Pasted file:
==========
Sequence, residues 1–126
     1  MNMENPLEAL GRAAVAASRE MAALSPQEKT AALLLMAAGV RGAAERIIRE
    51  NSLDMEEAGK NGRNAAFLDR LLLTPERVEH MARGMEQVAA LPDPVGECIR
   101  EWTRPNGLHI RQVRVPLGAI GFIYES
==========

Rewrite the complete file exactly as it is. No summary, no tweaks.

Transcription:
Sequence, residues 1–126
     1  MNMENPLEAL GRAAVAASRE MAALSPQEKT AALLLMAAGV RGAAERIIRE
    51  NSLDMEEAGK NGRNAAFLDR LLLTPERVEH MARGMEQVAA LPDPVGECIR
   101  EWTRPNGLHI RQVRVPLGAI GFIYES